Back in August I was pining for a better pocket camera
The main thing holding me back was the price tag (oh and my usual obsessing about which one to settle on).
Five months later, the Optio S had dropped to as low as $275. But wait, the Optio S4 with 4mp resolution is out too. And available for $327 delivered. And an anonymous donor made a sizable contribution to my camera fund.
I tried out the controls at a local chain camera store and they seemed usable. Placed my order last week at a place with a good price and decent ratings, and it arrived today.
The Chameleon has served me well, but it's getting handed down to Becky's purse and my new pocket camera is this little wonder. Have to create a new category on the blog though since 4 mega-pixels isn't exactly low-rez...
|Here's a couple of comparison shots (taken with the old warhorse Kodak DC290) with the Optio S on the left and the Chameleon on the right. They're actually pretty close to the same size, but if you compare features, the Pentax is relatively enormous.|
|There's lots of reasons to fly the flag. We've got a pretty good country here, and displaying Old Glory is a good way to assert our pride in it. It bugs me that the flag is largely synonymous in popular usage with support for US military action. It makes me crazy that some of our representatives waste our time with their efforts to make burning the flag illegal. The treatment the flag in this picture has received seems more disrespectful than burning it would have been. But I wouldn't make this illegal either.|
|I thought I remembered reading that these trees, which are planted along Rainier Boulevard here in Issaquah, were called "Birch Bark Cherry", and a quick google confirms it and further provides the Latin name Prunus serrula.|
|I wonder if this is the mate of LG#6 from back in June? It's a half a mile away and six months later, but it is the right (left vs. June's right) hand and same basic flavor... Hmmm.|
Previous lost gloves:
Another victim of the Bridge of Lost Gloves. The picture on the left was taken on my way to work, the one on the right on the way home. In seven hours it had moved about 10 yards to the west, but was still in the same location in the same lane. Maybe I could get a grant to study glove migration patterns...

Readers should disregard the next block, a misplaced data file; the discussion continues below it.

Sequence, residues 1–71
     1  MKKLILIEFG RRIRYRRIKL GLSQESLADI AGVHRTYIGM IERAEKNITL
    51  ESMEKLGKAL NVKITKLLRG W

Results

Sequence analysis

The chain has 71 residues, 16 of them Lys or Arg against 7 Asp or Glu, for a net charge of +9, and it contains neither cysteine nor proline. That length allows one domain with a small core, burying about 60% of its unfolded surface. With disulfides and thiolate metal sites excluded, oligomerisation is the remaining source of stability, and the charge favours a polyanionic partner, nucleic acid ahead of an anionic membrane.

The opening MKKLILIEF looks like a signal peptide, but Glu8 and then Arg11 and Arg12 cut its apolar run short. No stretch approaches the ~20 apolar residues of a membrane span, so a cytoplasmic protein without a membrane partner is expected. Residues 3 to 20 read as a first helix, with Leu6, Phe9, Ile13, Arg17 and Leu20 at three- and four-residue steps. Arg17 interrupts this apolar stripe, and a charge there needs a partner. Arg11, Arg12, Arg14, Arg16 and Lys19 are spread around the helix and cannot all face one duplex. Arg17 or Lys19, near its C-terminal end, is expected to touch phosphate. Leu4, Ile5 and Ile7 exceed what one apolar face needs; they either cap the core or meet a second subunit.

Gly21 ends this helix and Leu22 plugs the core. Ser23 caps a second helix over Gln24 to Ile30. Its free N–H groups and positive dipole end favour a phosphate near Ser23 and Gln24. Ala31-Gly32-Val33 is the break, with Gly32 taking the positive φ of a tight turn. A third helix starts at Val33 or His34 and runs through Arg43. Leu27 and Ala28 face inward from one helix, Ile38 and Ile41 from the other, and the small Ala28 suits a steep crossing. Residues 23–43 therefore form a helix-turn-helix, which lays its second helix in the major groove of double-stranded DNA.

Previous lost gloves:
SelectSmart builds surveys for making decisions. They have one up for selecting a presidential candidate for 2004. They seem to base the questions on the constellation of answers available among the various options. They give you a ranking of the available choices based on how closely their stated opinions coincide with your answers to the questions.
1. Your ideal theoretical candidate. (100%)
2. Green Party Candidate (92%)
3. Socialist Candidate (83%)
4. Sharpton, Reverend Al - Democrat (81%)
5. Dean, Gov. Howard, VT - Democrat (80%)
6. Clark, Retired General Wesley K., AR - Democrat (75%)
7. Kucinich, Rep. Dennis, OH - Democrat (70%)
8. Moseley-Braun, Former Senator Carol, IL - Democrat (67%)
9. Edwards, Senator John, NC - Democrat (65%)
10. Kerry, Senator John, MA - Democrat (60%)
11. Gephardt, Rep. Dick, MO - Democrat (57%)
12. LaRouche, Lyndon H. Jr. - Democrat (50%)
13. Lieberman, Senator Joe, CT - Democrat (47%)
14. Libertarian Candidate (37%)
15. Hagelin, Dr. John - Natural Law (11%)
16. Bush, President George W. - Republican (6%)
17. Phillips, Howard - Constitution (5%)
They don't have any questions about Transportation or Energy policy and the only Environmental policy question is whether you agree with the League of Conservation Voters.
It's interesting to see how their rankings change as you adjust your answers. By trying really hard I was able to get Bush up to 84%. I'd be interested in seeing what kind of ranking an actual conservative would get.
It's tempting to use the correlations of the candidates to my answers to make assumptions about their correlations to each other, but that wouldn't make sense.
Congressman Sherrod Brown of Ohio tells the tale of how the recent Medicare bill was passed in the House.
It's not the sort of image that comes to mind when you think of a vote being conducted by grown-ups.
This is getting ridiculous.
My apologies to anyone who's been popping in here expecting some actual content! (probably just Dan and my mother ;-)
I have lots of excuses.
I've read some good books and seen some good movies recently. I want to review them and I will. Real Soon Now.
In the middle of the 21st century, historians use time machines to send scholars back to observe past events as they happened. Doomsday Book tells the story of two epidemics, one in the modern day, the other in the past. I don't want to reveal too many plot points since the book depends on your desire to find out what the heck is going on to keep you turning the pages. The story telling is actually sort of clumsy, relying on fairly broad coincidences and some implausibly clumsy computer interfaces to keep the characters with important information from sharing it with their compatriots (or the reader).
In the end, the book reads like an argument against the accepted scholarly view of what the Middle Ages were really like. That part of the story seems exhaustively researched, and plotted with a deep appreciation and understanding of human nature. The modern story line is laced with academic political machinations that add another level to the critique of historical scholarship.
It's a good book marred only by a couple of painfully implausible technical bits and 30% too many pages. The copy I read is further marred by the 70% cheesy cover shown here. More recent editions have a less garish cover.